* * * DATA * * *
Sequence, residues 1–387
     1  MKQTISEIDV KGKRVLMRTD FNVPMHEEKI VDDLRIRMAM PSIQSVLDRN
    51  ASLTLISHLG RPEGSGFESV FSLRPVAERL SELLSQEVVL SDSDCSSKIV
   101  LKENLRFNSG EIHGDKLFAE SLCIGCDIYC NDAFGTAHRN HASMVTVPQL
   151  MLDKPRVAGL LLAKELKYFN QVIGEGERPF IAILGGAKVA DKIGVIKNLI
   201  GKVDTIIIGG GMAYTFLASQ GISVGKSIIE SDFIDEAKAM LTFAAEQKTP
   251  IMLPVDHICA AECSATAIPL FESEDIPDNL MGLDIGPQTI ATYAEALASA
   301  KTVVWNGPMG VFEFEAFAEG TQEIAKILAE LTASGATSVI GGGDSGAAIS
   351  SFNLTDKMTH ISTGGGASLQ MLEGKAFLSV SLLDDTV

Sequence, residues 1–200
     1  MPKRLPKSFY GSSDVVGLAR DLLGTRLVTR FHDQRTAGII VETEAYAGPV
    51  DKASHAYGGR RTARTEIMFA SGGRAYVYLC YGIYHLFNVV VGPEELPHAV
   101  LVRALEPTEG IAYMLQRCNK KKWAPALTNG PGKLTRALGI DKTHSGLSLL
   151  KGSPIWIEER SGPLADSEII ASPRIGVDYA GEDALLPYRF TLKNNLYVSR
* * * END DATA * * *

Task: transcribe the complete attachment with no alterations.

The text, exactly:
Sequence, residues 1–387
     1  MKQTISEIDV KGKRVLMRTD FNVPMHEEKI VDDLRIRMAM PSIQSVLDRN
    51  ASLTLISHLG RPEGSGFESV FSLRPVAERL SELLSQEVVL SDSDCSSKIV
   101  LKENLRFNSG EIHGDKLFAE SLCIGCDIYC NDAFGTAHRN HASMVTVPQL
   151  MLDKPRVAGL LLAKELKYFN QVIGEGERPF IAILGGAKVA DKIGVIKNLI
   201  GKVDTIIIGG GMAYTFLASQ GISVGKSIIE SDFIDEAKAM LTFAAEQKTP
   251  IMLPVDHICA AECSATAIPL FESEDIPDNL MGLDIGPQTI ATYAEALASA
   301  KTVVWNGPMG VFEFEAFAEG TQEIAKILAE LTASGATSVI GGGDSGAAIS
   351  SFNLTDKMTH ISTGGGASLQ MLEGKAFLSV SLLDDTV

Sequence, residues 1–200
     1  MPKRLPKSFY GSSDVVGLAR DLLGTRLVTR FHDQRTAGII VETEAYAGPV
    51  DKASHAYGGR RTARTEIMFA SGGRAYVYLC YGIYHLFNVV VGPEELPHAV
   101  LVRALEPTEG IAYMLQRCNK KKWAPALTNG PGKLTRALGI DKTHSGLSLL
   151  KGSPIWIEER SGPLADSEII ASPRIGVDYA GEDALLPYRF TLKNNLYVSR